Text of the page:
* Allow a space for the client to process feeling, such as guilt, disappointment or embarrassment, that surface with the newfound insight and emotional availability. Guilt and shame can derail progress… Forgiveness is a gift for your self… forgiveness can come from acceptance, compassion and empathy.

 

* Use existentialism and narrative techniques to encourage the client to make meaning of their addiction while writing a new life story in which they overcame the vice which was controlling them.

 

* Validate, honor, and confirm the changed person. Help them to believe in this newly free person by genuinely believing in them.

 

* Offer the client the space to continue their journey towards an increase in wellness that was before unfathomable. Often therapy stops here as therapy is very often thought of as a tool for the elimination of problems. Therapy can continue here with the goal of increasing positives as opposed to decreasing negatives.

 

At this point the client will be functioning well above average and will be free, authentic, available, and conscious. This is undoubtedly the road less traveled… and perhaps this path might be difficult to swallow in a culture of quick fixes, but the result of such efforts will be life itself… to live free of atomization.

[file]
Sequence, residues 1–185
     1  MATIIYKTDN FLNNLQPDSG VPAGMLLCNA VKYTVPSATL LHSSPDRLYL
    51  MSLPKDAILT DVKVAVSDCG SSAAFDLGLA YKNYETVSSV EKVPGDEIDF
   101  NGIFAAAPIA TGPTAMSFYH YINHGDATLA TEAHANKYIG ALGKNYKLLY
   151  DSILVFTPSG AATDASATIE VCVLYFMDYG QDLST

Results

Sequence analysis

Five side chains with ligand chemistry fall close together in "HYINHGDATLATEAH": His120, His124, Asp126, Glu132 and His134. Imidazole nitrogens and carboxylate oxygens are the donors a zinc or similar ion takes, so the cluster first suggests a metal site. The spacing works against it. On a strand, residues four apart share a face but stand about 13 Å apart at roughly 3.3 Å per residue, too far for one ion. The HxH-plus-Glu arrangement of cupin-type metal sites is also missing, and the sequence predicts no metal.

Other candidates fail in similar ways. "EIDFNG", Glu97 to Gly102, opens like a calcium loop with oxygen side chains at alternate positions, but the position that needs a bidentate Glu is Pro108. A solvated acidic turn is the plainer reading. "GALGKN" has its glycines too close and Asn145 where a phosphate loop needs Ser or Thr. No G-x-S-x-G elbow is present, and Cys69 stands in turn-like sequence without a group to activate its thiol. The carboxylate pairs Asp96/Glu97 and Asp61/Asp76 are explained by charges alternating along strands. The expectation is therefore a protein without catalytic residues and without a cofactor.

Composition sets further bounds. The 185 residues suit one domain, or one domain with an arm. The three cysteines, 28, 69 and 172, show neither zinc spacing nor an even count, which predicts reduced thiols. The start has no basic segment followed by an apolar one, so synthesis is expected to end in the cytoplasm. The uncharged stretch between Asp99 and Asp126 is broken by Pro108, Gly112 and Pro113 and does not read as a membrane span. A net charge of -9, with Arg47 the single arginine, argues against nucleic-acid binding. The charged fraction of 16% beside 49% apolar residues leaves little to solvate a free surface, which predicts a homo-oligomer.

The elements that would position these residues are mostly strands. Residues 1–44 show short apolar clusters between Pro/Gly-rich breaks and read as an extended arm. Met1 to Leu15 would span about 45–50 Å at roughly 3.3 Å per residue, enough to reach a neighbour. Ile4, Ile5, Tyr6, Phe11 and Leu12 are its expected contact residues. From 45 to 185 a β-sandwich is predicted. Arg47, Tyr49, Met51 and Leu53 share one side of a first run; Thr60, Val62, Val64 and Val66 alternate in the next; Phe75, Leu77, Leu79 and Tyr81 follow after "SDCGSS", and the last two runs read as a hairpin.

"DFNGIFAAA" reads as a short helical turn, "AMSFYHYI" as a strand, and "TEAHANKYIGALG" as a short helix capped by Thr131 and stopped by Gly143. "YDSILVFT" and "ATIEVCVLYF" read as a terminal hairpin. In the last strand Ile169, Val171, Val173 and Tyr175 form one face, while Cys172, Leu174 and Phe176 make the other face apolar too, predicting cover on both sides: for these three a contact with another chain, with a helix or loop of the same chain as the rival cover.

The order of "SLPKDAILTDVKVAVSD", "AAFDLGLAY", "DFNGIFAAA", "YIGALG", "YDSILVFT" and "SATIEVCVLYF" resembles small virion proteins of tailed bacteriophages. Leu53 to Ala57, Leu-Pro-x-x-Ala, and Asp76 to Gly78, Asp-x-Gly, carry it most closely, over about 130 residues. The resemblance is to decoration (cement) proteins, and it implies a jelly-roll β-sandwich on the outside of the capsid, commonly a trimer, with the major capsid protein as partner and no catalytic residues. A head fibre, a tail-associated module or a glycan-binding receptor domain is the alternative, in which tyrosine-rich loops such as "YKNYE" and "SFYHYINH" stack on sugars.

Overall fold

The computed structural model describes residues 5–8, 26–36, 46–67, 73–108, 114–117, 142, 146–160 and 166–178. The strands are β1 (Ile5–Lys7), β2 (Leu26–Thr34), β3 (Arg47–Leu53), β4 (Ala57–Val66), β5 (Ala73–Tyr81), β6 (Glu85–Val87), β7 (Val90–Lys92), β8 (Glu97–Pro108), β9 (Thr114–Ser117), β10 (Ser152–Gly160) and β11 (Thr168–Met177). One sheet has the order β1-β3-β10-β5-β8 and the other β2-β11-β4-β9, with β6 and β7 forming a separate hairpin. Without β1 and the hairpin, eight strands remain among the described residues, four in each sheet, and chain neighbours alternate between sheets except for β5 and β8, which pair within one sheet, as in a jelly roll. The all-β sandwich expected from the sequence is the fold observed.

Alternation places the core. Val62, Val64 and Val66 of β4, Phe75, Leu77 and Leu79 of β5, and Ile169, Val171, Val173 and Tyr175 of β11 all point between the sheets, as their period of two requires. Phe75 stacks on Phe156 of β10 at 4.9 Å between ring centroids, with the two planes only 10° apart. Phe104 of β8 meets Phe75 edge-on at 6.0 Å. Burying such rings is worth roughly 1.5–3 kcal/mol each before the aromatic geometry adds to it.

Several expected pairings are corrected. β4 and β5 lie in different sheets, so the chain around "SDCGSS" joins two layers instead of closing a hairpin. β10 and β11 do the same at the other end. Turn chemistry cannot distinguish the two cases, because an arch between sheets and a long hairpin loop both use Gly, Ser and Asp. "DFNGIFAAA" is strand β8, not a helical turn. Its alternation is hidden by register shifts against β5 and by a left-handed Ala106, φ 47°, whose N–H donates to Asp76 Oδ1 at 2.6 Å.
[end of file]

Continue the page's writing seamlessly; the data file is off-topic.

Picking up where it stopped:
This intervention has the purpose of increasing consciousness, empathy, and freedom… This intervention is based on the humanistic viewpoint that we are all innately good.

 

I would not argue that this is the quickest way to eliminate a specific symptom… I would suggest that it is the way to empower a client to resolve most anything.

 

A therapist could theoretically alter a client’s belief systems, but a therapist would not be able to force an unwilling client on this journey towards emancipation… the therapist can gently and confidently lead… but ultimately the client must bring dedication.

 

Do you agree or disagree? I would love to here your comments.

 

The main question is, “do you believe that there is always freedom in the space between stimulus and response… or are there some stimuli that allow no freedom in the space… no opportunity for choice?

William Hambleton Bishop is a practicing therapist in Steamboat Springs Colorado.

Overcoming addiction to substance – find a replacement behavior that offers a comparable result – hope involves you being both reasonable and honest with yourself